Science-ish: Lets talk About Rain

How do you feel about rain?
 
Even in the depths of winter does it make you happy? When you’re warm, the sound of rain can be so lovely. It can be a guarentee that yes, you can stay inside and read all day. Or do you prefer sunshine?
 
According to science wikipedia 505,000 cubic kilometres of rain hits the earth each year, most of it in the ocean. What is your experience with rain? Dry winters? Monsoons? Rainy seasons? Warm days and big drops of rain are retty much the best, maybe. 
 
Rain also smells really good, right? Here comes the science. That smell is called petrichor. During dry seasons, some plants ooze out oils that are absorbed into the earth and rocks and things.
 
When it rains, that oil and another compound geosmin are realeased into the air to intoxicate your nostrils and mind. Geosmin is the earthy smell and flavour – the kind you taste in beetroot. Geosmin is released when certian microbes die, and is also responsible for the muddy smell in fish from the bottom of rivers.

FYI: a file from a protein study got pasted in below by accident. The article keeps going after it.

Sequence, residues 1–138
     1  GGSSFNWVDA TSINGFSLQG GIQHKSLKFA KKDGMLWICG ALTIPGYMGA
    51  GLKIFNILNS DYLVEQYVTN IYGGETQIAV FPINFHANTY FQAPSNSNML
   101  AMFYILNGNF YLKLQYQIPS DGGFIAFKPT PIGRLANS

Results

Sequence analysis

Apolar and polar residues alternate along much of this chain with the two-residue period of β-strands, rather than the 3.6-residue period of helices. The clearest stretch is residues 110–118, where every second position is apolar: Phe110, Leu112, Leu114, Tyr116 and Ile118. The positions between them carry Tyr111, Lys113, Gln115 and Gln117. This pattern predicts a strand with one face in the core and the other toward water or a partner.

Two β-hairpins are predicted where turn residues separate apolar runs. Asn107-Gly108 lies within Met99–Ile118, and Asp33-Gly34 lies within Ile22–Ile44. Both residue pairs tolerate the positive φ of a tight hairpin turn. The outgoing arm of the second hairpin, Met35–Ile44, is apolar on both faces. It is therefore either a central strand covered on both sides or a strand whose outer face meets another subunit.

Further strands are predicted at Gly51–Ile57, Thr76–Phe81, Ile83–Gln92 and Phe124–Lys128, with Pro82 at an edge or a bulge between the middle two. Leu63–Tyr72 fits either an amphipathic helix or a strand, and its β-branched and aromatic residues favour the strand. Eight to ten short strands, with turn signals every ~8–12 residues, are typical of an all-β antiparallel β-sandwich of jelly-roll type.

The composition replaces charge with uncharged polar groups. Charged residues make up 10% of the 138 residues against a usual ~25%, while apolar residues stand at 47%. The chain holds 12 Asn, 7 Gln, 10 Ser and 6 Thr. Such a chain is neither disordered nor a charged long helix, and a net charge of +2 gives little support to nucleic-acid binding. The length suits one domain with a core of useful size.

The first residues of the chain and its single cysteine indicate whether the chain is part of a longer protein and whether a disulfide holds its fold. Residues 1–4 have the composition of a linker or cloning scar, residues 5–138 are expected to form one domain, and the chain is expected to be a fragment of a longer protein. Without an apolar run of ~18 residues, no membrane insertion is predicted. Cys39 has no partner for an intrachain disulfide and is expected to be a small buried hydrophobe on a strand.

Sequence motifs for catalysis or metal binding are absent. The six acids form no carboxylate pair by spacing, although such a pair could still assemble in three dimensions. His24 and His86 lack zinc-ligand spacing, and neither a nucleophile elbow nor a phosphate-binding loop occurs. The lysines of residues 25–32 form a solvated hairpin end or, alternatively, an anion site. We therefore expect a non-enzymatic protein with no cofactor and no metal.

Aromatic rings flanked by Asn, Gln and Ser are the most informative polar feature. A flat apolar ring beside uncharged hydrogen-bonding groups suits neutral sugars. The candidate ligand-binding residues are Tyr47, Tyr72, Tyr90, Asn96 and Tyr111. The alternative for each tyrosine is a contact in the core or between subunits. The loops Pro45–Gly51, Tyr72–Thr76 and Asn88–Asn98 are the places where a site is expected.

The human nose, you may have noticed, is extremely sensitive to this small and can sense it as low as five parts per trillion. And that is why the earth smells so good when it rains. Still magical? You bet! Great for Singin’ in.
 
 Rain in the cities is different, as you know, to rain in big open spaces. Cities create urban heat islands that effect their local weather. Urban heat islands are like they sound, warmer areas around buildings that store and emminate heat. The heat (and subsequent water evaporation) and also polution above cities creates clouds above cities that are more likely to cause rain.
 
  As commuters and commercial traffic cause pollution to build up over the course of the week, the likelihood of rain increases: it peaks by Saturday.
 
The heat from cities can push the clouds up higher, so the likelyhood of lightning and thunder is higher when it hits the cooler air above. Humans are having an effect on rain cycles on a large scale for example the Mediterranean.
 
And that is why it often rains on your weekend! Science! Rain.
 
 
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